Instead I have pictures:
Steak wants back in with mom.
The electric was not hard to re-string
but they've cracked some boards.

Good thing we decided we wanted to replace all this fencing next year anyway! Not sure what I want to do, but I'm thinking post & board.

We've got some major re-thinking of the pastures to do anyway. Originally we were going to do one big paddock, but now thinking that is silly because it is SO much cheaper to do one paddock for small animals (chickens/etc.) on small fencing and use cow-fencing for the pigs pasture.

I can't believe it but we ran out of feed bins! I thought we'd bought way too many, but with the addition of the pot-bellies and new turkeys we don't have enough any more. 

Horses: Fat 'n Fibre & Sweetfeed*
*(sweetfeed need to be tosses out as it's old & I'll use this for something else until fatty looses some weight)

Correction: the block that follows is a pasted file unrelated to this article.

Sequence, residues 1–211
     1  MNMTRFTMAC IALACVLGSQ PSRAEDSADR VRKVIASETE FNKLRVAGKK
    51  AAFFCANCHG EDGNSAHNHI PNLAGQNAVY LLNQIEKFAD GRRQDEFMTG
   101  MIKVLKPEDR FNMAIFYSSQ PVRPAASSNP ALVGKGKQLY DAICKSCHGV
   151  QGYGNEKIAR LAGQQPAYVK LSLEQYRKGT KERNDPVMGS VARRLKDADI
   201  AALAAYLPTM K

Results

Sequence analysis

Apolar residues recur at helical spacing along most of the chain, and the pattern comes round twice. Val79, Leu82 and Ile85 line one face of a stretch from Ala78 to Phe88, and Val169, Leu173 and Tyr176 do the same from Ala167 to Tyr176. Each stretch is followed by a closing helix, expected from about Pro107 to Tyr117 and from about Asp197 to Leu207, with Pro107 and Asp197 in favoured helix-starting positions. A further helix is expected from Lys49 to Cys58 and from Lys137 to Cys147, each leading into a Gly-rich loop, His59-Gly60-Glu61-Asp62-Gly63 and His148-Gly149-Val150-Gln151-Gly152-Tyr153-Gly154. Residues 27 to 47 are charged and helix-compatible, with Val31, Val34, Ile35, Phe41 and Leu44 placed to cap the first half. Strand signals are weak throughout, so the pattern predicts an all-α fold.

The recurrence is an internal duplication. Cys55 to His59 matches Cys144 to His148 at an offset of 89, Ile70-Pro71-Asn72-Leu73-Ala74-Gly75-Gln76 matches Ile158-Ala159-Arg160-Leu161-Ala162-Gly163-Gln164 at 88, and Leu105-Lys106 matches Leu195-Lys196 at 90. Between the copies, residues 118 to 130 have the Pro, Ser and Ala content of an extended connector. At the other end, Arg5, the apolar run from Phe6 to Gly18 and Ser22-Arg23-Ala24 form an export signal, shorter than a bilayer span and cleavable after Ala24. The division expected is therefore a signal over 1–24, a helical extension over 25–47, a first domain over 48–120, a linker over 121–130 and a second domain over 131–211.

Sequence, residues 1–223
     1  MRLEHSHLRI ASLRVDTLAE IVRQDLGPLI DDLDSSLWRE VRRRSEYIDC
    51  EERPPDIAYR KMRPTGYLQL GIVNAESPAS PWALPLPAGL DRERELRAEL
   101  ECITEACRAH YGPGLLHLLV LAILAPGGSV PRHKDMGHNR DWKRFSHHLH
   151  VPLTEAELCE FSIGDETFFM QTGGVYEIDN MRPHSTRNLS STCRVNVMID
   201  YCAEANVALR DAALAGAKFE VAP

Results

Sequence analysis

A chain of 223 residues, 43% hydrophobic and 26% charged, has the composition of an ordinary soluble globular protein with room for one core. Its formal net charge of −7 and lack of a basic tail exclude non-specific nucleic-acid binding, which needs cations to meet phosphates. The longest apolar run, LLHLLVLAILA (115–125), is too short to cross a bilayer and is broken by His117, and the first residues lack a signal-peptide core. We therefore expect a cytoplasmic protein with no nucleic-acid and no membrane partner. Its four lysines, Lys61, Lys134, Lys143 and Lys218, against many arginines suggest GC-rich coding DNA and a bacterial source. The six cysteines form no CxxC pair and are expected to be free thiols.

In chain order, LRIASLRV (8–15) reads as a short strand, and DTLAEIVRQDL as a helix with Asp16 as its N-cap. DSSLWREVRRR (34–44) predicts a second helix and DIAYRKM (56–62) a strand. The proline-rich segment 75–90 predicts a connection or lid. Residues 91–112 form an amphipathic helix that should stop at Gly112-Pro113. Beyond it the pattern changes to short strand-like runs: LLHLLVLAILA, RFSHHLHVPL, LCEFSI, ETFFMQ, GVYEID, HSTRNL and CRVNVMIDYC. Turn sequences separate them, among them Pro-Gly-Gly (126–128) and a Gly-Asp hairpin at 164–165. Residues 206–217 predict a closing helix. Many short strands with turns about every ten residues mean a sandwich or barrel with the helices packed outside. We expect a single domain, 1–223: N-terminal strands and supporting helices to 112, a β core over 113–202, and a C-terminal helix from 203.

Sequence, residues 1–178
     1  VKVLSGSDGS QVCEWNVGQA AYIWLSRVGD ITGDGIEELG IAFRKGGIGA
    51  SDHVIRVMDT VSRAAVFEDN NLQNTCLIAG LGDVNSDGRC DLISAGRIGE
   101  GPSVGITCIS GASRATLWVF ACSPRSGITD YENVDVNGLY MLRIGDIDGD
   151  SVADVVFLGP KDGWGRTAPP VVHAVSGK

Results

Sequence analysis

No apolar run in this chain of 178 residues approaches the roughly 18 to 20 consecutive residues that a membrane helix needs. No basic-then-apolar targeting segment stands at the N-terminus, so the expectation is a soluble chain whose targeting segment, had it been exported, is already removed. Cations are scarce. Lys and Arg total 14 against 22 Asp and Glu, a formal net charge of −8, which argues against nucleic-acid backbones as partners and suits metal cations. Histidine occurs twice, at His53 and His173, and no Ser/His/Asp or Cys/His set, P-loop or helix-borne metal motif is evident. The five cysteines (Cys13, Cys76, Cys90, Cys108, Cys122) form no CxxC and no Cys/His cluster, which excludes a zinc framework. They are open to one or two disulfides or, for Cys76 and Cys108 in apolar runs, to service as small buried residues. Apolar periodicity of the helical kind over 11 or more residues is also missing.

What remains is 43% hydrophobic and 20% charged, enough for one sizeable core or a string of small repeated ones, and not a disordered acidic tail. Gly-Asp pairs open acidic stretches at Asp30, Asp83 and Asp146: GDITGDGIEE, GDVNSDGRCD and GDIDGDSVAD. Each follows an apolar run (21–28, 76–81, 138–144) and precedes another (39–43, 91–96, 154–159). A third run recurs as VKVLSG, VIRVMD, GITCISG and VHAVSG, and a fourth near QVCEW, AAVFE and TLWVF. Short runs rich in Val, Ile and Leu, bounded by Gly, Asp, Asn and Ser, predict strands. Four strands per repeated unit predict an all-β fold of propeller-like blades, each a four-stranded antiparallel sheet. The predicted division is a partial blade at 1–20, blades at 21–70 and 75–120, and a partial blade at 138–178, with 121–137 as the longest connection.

Chickens: Layer & Chick starter
Then we have Beef feed (which we don't use often), Pot Belly Pig food, Cracked Corn & Turkey feed.

The feed room is metal-lined so we shouldn't have a mouse problem, but they are still getting in somehow, so I had to store the bags of feed in the car overnight!

Not getting any sweetfeed
At least she'll be warm over winter...
Maddie, that is the most attractive pose EVER!

He was in the ditch hiding from Fatty while he ate his dinner. He's getting nice and fleshed out now (following Meg's diet plan I guess!) I've actually had to cut his food right back!

Thursday, November 10, 2011


The weather has been so mild I managed to get some "extra" gardening done.

We had some raspberries growing in front of the shop, we LOVE raspberries, but I didn't want them here, mostly because they are very prickly and make it that much harder when you have to break into the shop through the window because you husband locked the keys inside AGAIN.